Saturday, June 29, 2013

Forcing the funny

I joined a postcard swap called "wicked funny captions."
Create a postcard with a person on a patterned background with a snarky, humorous caption.
It seemed a no-brainer.
I love postcards.
I love captions.
I love funny.

The deadline approached, I had no card, I wasn't worried.
I'm the queen of funny captions.  I can procrastinate.
Finally, I sat down to do it, and my funny was gone.
Completely dried up.
Apparently, I can't be funny under pressure.
Pressure made worse by the fact my swap recipient is Steph - coordinator of the swap group, and my funny-caption idol.
I had a stack of potential pictures, and a stack of potential captions, and none of them were even close to good enough.
The night before the deadline I had to email her and confess that my funny was MIA.
I filed for an extension.

I made these index cards:


Some of these are marginally funny, but they don't seem to qualify as "wicked funny captions."
Besides, they are 3 x 5 index cards - too small to mail as postcards.

Tonight I started to get my groove back.
Four postcards, three with found text.
Can't decide which like best.
Will I send one of these to Steph?
Will I send all of these to Steph?
Will I wake up in the morning and decide they are all crap and start again?


What happens to these remains to be seen.
I'm going to ask Steph to host one of these swaps again, only next time she should name it "crappy postcards with stupid sayings" and I'll knock it out of the park.
I'm funnier when I'm not trying.

Sunday, June 23, 2013


As I've been working on my index card collages this month, I've come to rely on an extremely valuable, high-tech tool:  a piece of paper with a hole in it.

Let me 'splain

When I'm trying to decide on a composition, I do a lot of paper shuffling to see what works.  I don't want to tear or cut a paper until I'm sure where it will go.

The problem is, the index card is now completely invisible and it's hard to see what the composition will looked like once it's trimmed, but I don't want to trim it because maybe it will look horrible and I'll want to use one of the pieces somewhere else, but now the piece is too small.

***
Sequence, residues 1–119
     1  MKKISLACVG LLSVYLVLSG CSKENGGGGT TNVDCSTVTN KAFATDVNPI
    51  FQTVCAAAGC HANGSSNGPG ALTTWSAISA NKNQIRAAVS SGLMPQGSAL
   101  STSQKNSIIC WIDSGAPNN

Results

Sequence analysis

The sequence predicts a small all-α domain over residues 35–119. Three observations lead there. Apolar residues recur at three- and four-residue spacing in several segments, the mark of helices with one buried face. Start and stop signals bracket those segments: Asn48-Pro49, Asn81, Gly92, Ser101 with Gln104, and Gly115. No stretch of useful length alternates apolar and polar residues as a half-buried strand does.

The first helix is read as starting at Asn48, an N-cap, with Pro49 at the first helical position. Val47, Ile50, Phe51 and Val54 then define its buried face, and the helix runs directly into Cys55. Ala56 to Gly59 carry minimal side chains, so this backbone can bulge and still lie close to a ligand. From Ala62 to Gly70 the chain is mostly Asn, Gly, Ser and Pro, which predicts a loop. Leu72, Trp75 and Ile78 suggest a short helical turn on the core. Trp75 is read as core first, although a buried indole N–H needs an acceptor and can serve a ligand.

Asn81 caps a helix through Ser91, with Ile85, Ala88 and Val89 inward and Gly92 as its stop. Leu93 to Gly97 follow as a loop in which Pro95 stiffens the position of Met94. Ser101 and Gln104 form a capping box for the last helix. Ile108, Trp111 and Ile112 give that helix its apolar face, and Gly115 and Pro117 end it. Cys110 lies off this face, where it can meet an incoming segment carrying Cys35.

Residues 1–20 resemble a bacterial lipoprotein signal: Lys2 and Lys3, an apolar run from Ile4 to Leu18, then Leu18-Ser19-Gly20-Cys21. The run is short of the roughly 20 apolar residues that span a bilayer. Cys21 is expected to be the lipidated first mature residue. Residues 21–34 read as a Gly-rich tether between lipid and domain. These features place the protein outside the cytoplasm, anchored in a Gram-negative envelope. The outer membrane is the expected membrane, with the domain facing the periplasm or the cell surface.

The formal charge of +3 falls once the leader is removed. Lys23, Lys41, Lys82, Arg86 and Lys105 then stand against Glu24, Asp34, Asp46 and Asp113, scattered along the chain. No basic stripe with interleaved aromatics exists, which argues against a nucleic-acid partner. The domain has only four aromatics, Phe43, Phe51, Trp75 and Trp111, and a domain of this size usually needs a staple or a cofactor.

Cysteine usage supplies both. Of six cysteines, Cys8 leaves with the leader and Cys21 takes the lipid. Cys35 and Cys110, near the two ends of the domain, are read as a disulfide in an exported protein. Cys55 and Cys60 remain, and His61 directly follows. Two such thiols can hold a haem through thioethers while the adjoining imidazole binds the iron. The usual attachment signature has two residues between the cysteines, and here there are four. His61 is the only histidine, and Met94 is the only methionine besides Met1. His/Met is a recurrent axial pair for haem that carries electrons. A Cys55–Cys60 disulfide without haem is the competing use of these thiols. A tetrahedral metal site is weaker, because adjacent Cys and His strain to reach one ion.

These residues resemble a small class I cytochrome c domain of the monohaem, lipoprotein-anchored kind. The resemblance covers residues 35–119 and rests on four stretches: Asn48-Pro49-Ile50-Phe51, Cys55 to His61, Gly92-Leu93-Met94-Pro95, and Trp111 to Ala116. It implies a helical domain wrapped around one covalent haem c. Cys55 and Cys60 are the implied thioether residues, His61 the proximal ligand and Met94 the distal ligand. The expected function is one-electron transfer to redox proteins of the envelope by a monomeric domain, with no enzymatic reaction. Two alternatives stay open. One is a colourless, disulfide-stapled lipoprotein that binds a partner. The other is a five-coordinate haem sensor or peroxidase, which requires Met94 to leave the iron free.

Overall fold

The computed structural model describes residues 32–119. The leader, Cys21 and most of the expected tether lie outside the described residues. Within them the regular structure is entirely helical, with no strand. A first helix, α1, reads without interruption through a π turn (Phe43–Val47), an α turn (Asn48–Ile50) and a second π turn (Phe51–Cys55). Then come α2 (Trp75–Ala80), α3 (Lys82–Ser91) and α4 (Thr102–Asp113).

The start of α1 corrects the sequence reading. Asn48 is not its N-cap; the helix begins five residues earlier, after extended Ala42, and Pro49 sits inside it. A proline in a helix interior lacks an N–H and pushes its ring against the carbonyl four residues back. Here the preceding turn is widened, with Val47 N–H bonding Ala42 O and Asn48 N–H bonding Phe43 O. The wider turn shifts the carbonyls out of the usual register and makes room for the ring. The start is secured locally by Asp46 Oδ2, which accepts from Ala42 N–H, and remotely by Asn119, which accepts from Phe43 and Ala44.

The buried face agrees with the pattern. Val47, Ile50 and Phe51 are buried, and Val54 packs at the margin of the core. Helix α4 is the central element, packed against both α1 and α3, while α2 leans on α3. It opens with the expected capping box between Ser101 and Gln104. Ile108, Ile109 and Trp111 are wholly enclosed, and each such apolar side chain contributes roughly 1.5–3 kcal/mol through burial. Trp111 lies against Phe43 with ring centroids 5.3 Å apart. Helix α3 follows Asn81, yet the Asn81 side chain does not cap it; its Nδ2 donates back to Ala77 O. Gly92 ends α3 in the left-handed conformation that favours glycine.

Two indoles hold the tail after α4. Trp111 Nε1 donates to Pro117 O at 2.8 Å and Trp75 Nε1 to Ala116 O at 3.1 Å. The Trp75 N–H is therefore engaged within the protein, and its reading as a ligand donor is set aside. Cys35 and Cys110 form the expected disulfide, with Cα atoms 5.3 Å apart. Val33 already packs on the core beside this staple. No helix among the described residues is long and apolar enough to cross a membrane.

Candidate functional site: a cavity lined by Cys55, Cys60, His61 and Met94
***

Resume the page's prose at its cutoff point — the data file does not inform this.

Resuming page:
The simple solution?
Cut an index-card sized hole in the middle of a piece of copy paper and use it as a view finder or frame.

Now I can tweak the background layers, and start playing around with a focal image.
How about this moving van from a 1950's magazine ad?

or maybe this piece cut from a beautiful note card Gina S. sent me (it's from a picture of one of her art quilts)

Maybe I should combine the two images?

No, no, no, no, no!
Ditch the van, stick with the quilt.
Glue it down, trim away the overlapping bits, and add a word from the leftover scrap of dictionary page - circumsolar.
Love it.

On this one (from a few days ago), I knew I wanted to use the donkey and the orange.  I was even pretty sure I wanted to use the trees, but I had no idea what to do for the background.

Or this?

Or this?

Or this?

The last one was the winner, but it would have been hard to figure out without my frame.

Here are a few other recent index cards:


#174 (gelatin printed deli paper from Leslie)

#175 (gelatin printed background from Corrine)

#176 (bane of my existence)

Thursday, June 20, 2013

Caught up

In a stunning return to form, I have come back from a 40 day deficit on my 365 collage challenge. After taking six weeks off, I have managed to make 60 small collages in the past 20 days.
(Thank you Index-card-a-day challenge for kicking me back into gear!)

First up:  Two postcards for the MMSA "eyes" swap.


This next one is so totally and completely not my palette. Plus I hate roses. I don't know what I was thinking. It kind of disturbs me.

Ah, but THESE.  These are my colors:



In fact I liked that color scheme so much I used it again two days later to create a bunch of thank you cards for Max's teachers:





  I went neutral on these next ones, using lots of little squares cut from donated paper:


This one used tissue that came in a swap envelope, and an eye image from one of Gina's envelopes: